Thursday, April 7, 2011

Forgiveness: the key to self-love and intuitive eating

Learning to love ourselves takes on many shapes and forms. For me, I had to give up my battle where food was concerned. I also had to grapple with the voice in my head constantly telling me I don't measure up (I'm an over achiever and am often way too hard on myself). But to be honest, those are only a couple ways where feelings of inadequacy plague us.

In fact, I believe that often times we don't even realize the fight going on is in fact a fight over self-acceptance and love.

For example, there are people out there who can eat whatever they want. They are strong and confident in their abilities. They don't have body shame. So in essence, it would appear that anything and everything said on a blog like LITM would not appeal to them. But I don't think this is always true. Self-love can still be difficult for people like this.

I have a dear friend who wrote to me recently. I hope she doesn't mind me talking about her:) She can fit into all of the categories up above. I just adore this woman. She is amazing. Her daily responsibilities are heavy, but she never complains. She takes them all on with happiness and does amazing things. However, she has developed a health condition that can often cause her great physical pain. Having lived most of her life being able to eat whatever she felt like (and taking great pleasure in doing so) she now has to deal with the idea that her health could be greatly improved by eating a specific diet. A very healthy diet. One that includes mostly plant foods and whole grains. A diet that does make her feel better when she eats it. But (there's always a but) it is difficult to adhere to this diet.

I have theory.

You see, as someone who has dealt with food issues most of her life I can say that we are very emotionally tied to the way we eat. Even my dear friend who has never had to adhere to a diet is emotionally attached to her food choices. That is why learning that she must change and take on a diet that feels restrictive is difficult for her.

On the outside, we could look at her situation and say it's not fair. If I preach that we should all throw out rules and become intuitive eaters how does that work for someone like her? She has rules.

The truth is, we all need to write our own code of what we eat. Our own Word of Wisdom, if you will. Making this code hard and fast is not helpful. Actually writing the code is not helpful, but we need to know and understand our bodies and their needs.

For me, I am borderline PCOS (polycystic ovary syndrome). That means that my body often craves sugar and simple carbs. But when I indulge in these foods I feel awful. But I crave them. As an intuitive eater I know that while I may be craving something it may not make me feel well. Being an intuitive eater doesn't necessarily mean we give in to all of our cravings. Rather, it means we tune in and understand our bodies well enough to know that our food choices affect how we feel. And then with that knowledge we can eat the foods that allow us to feel our best. And sometimes that means telling that sugar craving, "not now." But "not now" doesn't mean never either. Sometimes we can, will, and should go ahead and indulge in the craved food. But observe. Always observe.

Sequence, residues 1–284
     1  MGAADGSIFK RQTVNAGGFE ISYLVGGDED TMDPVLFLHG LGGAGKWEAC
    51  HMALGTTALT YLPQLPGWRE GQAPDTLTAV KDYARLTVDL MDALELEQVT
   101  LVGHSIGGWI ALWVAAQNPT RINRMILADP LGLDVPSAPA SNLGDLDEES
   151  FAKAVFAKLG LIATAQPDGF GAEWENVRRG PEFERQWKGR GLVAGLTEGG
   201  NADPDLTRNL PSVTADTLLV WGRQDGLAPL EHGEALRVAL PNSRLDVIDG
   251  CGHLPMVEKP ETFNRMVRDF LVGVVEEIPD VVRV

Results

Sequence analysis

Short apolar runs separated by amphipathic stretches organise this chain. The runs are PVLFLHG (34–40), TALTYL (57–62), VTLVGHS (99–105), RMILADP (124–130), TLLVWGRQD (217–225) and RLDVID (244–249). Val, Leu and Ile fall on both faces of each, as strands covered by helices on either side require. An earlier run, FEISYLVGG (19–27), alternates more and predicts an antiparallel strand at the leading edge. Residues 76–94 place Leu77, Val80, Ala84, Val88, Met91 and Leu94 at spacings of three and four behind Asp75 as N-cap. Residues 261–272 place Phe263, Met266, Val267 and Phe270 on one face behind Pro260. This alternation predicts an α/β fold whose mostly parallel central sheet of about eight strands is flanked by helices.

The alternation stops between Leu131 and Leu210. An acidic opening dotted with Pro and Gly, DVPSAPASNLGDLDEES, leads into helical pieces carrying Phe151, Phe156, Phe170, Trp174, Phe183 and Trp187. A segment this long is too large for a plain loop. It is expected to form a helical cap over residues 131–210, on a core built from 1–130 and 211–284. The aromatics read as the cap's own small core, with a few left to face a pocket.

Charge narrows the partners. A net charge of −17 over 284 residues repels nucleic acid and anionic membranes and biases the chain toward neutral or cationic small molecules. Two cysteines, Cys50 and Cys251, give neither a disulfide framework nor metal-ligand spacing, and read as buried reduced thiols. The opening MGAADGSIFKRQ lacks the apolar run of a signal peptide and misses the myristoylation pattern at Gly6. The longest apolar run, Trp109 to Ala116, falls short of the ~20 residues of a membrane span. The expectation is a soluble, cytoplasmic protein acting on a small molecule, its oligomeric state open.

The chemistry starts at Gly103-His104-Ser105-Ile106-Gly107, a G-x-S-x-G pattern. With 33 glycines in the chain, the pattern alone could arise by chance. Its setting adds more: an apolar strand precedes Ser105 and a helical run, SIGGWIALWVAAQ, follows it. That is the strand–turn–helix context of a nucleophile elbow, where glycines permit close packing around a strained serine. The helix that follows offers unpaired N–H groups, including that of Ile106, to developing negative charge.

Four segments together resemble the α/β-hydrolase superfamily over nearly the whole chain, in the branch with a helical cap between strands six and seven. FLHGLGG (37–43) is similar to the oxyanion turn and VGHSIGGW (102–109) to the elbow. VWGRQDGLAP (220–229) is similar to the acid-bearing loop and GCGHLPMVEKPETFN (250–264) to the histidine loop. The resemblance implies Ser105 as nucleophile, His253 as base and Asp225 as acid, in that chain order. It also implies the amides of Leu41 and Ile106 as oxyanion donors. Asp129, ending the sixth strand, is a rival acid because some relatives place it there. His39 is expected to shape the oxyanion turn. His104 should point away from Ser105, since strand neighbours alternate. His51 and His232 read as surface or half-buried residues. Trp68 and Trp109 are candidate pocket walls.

Does this mean we have rules? Well. . . yes. . . and no. We understand our bodies. We understand what will make us feel well, and so it could be argued that there are "rules." But think of it more as a guide to what makes you run in optimum condition.

On the flip side, there are no rules. You really can eat whatever you want. Decide if eating whatever you want makes you feel great though. Really great.

I guess where I'm really going with this post, however, is here: You must forgive yourself.

Forgiveness is key.

For my friend, she very clearly knows foods that will help and foods that will harm her. But she needs to take the long journey of learning to become an intuitive eater. Yes, even people who have never had food rules can benefit from intuitive eating, as it involves tuning in with the body and learning to eat in a way that promotes excellent health. So while my friend has "rules" before her, she needs to stop trying to force herself to abide by those rules. Instead, learning to tune into her body and really loving and honoring her body will allow her to lovingly choose the foods that make her feel amazing. She won't need a set of rules.

BUT. . . she will screw up. I screw up. Everyone makes mistakes. When we start getting after ourselves for eating something that doesn't make us feel well we are no longer intuitive eaters. Rather, we have become dieters once more. There is no room for harsh judgement in intuitive eating. None. You must forgive yourself. Observe how you felt when you ate the offending food. Learn from that particular experience. Then you can choose if you would like to repeat that experience ever again.

So, loving our bodies takes many forms. It's not just for those who have struggled with food and body image issues. It's for everyone. And the key, in my opinion, is learning forgiveness.

*Image source